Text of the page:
# Simple Combo/Permute calculation

• B
• DaveC426913
In summary, the conversation discusses a Steam game called Shapez where the goal is to produce and deliver shapes to a hub using conveyor belts. The game involves using four primary shape resources (square, disc, star, and windmill) in various colors and up to four layers. The number of possible symmetrical products is 112, while the number of asymmetrical products is much larger. The conversation also delves into the complexities of rotational symmetry and layer dependencies when trying to determine the total number of possible configurations in the game.
I think I'd be satisfied with just knowing the possible symmetrical shapes, which I think is simply
(4x8)+(4x8)2+(4x8)3+(4x8)4, as you eluded to way back at the start.

erobz
DaveC426913 said:
And I just realized that vastly complicates the calculations of the total permutations. Not I'm no longer sure that there are simply static rules, so much as there are procedures (algorithms).
We are operating under the assumption that you can in theory get to every configuration, we aren't talking about the likelihood of reaching a particular configuration.

erobz said:
We are operating under the assumption that you can in theory get to every configuration, we aren't talking about the likelihood of reaching a particular configuration.
We don't even know what "every" configuration is. That trick, where a layer 2 shape is melted into layer 1, throws the combinations count into chaos because it means the "rules" for validity are ambiguous.

eg.: how many combinations are added if you melt a layer 4 all the way down to level 1? What about melting a level 4 down to level 3 and a level 2 down to level 1? The possibilities are virtually limitless.

Regardless of how it might be done or even if it can be done, simply counting them becomes an intractable problem.

DaveC426913 said:
We don't even know what "every" configuration is. That trick, where a layer 2 shape is melted into layer 1, throws the combinations count into chaos because it means the "rules" for validity are ambiguous.

eg.: how many combinations are added if you melt a layer 4 all the way down to level 1? What about melting a level 4 down to level 3 and a level 2 down to level 1? The possibilities are virtually limitless.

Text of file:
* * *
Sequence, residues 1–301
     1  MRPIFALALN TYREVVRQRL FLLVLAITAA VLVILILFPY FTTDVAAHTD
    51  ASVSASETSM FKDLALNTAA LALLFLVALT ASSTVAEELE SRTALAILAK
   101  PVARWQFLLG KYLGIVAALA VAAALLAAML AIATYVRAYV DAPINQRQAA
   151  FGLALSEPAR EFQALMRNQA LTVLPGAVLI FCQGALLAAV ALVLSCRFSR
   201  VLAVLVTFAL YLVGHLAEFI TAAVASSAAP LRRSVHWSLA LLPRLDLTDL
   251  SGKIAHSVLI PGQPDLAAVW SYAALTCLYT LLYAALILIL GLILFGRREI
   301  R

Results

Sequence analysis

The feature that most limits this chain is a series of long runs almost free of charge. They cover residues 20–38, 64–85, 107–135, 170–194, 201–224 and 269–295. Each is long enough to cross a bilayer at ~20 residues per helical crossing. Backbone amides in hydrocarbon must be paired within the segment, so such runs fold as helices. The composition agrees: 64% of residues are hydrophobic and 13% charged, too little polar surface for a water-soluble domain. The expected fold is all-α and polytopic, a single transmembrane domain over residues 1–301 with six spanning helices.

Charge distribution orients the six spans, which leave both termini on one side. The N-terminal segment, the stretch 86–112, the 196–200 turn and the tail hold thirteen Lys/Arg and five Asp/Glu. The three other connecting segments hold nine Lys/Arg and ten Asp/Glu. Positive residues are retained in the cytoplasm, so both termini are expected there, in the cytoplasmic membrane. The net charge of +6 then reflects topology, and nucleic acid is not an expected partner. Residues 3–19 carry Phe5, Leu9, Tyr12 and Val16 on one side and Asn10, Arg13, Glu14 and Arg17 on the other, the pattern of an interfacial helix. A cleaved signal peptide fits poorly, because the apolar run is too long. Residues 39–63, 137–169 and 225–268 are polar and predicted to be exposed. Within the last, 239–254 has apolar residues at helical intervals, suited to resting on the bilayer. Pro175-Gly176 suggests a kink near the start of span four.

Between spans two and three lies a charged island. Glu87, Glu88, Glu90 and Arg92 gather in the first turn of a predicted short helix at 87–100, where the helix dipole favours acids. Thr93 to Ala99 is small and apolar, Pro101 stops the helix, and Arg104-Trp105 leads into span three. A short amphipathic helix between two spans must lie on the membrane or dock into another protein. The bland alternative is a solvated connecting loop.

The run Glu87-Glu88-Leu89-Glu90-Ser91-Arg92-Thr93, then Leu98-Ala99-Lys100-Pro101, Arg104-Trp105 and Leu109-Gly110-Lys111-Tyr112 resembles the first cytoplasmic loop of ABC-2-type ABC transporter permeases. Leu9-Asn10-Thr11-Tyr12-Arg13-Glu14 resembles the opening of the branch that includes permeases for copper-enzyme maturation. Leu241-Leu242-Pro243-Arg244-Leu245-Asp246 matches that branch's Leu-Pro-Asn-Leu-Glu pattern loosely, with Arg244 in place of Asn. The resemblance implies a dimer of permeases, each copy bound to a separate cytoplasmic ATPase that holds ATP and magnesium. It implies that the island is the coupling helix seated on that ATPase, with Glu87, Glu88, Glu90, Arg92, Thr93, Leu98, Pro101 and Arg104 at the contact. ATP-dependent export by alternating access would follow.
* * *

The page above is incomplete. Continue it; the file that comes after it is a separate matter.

Counting "every" configuration suddenly becomes an intractable problem.
Well, if some higher level converts like that, the new configuration was already counted. Probably safe to say what @pbuk computed ##2.0 \times 10^{24}~\rm{shapes} ## is an upper bound and leave it at that.

DaveC426913
I feel like I've led you guys on a wild goose chase, only to find we're back where we started.

DaveC426913 said:
I feel like I've led you guys on a wild goose chase, only to find we're back where we started.

Yes, ultimately the answer to the question: Would it be tactically useful to create factories that produce each type of major shape in anticipation of future levels needing them? is: probably not.

DaveC426913 said:
Yes, ultimately the answer to the question: Would it be tactically useful to create factories that produce each type of major shape in anticipation of future levels needing them? is: probably not.
I didn't even realize there was a point to this beyond trying to figure out how may shapes there are!

DaveC426913 said:
We don't even know what "every" configuration is. That trick, where a layer 2 shape is melted into layer 1, throws the combinations count into chaos because it means the "rules" for validity are ambiguous.

eg.: how many combinations are added if you melt a layer 4 all the way down to level 1? What about melting a level 4 down to level 3 and a level 2 down to level 1? The possibilities are virtually limitless.

Regardless of how it might be done or even if it can be done, simply counting them becomes an intractable problem.
I don't know what you mean by "melting down". There is no trick, now I've played the game the rules are simple: every layer must have at least one quadrant occupied.

That's it.

I think you are missing the simple trick that enables you to make the "hanging" quadrant in the 'logo' shape: it is made in two halves.

There is an open access wiki on Fandom, I haven't looked at it much (it spoils the fun) but it's easy enough to figure out the game mechanics if you have played things like SpaceChem, Factorio etc.

pbuk said:
I don't know what you mean by "melting down". There is no trick, now I've played the game the rules are simple: every layer must have at least one quadrant occupied.

That's it.

To make this shape:

I assume you concur with this:
When layer 2 is stacked on top of layer 1, they "melt" together to become one layer. But, importantly, the blue square will not shrink. i.e. you cannot build the requested shape this way.

There is a trick to it, but it requires multiple steps. I wouldn't call it "simple" if I had to discover it on my own. To you, being more experienced with similar games, I guess it is not new.

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DaveC426913 said:
I assume you concur with this:
View attachment 326413

Yes of course, but plus equals .

You can easily make the first shape by cutting a in half.

DaveC426913 said:
To you, being more experienced with similar games, I guess it is not new.
Perhaps, although I find that this type of game exercises the same parts of my brain as I use when writing code - particularly in a low level languge with RISC machine code at the far end of that spectrum! For a game with a more explicit link to coding, try https://en.wikipedia.org/wiki/TIS-100.

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